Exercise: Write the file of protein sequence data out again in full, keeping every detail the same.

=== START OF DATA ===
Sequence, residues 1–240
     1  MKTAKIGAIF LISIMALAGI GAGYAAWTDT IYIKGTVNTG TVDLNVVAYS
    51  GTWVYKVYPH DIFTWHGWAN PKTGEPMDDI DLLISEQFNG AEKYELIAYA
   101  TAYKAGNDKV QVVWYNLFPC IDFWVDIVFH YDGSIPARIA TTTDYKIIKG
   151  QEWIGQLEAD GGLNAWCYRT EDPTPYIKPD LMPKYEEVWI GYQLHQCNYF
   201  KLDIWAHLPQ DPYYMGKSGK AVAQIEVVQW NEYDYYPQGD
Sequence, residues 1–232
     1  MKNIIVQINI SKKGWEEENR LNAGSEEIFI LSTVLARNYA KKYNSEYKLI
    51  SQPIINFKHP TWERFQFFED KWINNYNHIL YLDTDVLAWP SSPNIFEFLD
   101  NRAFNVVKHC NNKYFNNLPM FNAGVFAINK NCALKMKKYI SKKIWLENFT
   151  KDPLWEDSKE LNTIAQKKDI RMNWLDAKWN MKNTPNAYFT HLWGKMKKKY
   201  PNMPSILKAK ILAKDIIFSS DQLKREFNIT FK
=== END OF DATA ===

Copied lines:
Sequence, residues 1–240
     1  MKTAKIGAIF LISIMALAGI GAGYAAWTDT IYIKGTVNTG TVDLNVVAYS
    51  GTWVYKVYPH DIFTWHGWAN PKTGEPMDDI DLLISEQFNG AEKYELIAYA
   101  TAYKAGNDKV QVVWYNLFPC IDFWVDIVFH YDGSIPARIA TTTDYKIIKG
   151  QEWIGQLEAD GGLNAWCYRT EDPTPYIKPD LMPKYEEVWI GYQLHQCNYF
   201  KLDIWAHLPQ DPYYMGKSGK AVAQIEVVQW NEYDYYPQGD
Sequence, residues 1–232
     1  MKNIIVQINI SKKGWEEENR LNAGSEEIFI LSTVLARNYA KKYNSEYKLI
    51  SQPIINFKHP TWERFQFFED KWINNYNHIL YLDTDVLAWP SSPNIFEFLD
   101  NRAFNVVKHC NNKYFNNLPM FNAGVFAINK NCALKMKKYI SKKIWLENFT
   151  KDPLWEDSKE LNTIAQKKDI RMNWLDAKWN MKNTPNAYFT HLWGKMKKKY
   201  PNMPSILKAK ILAKDIIFSS DQLKREFNIT FK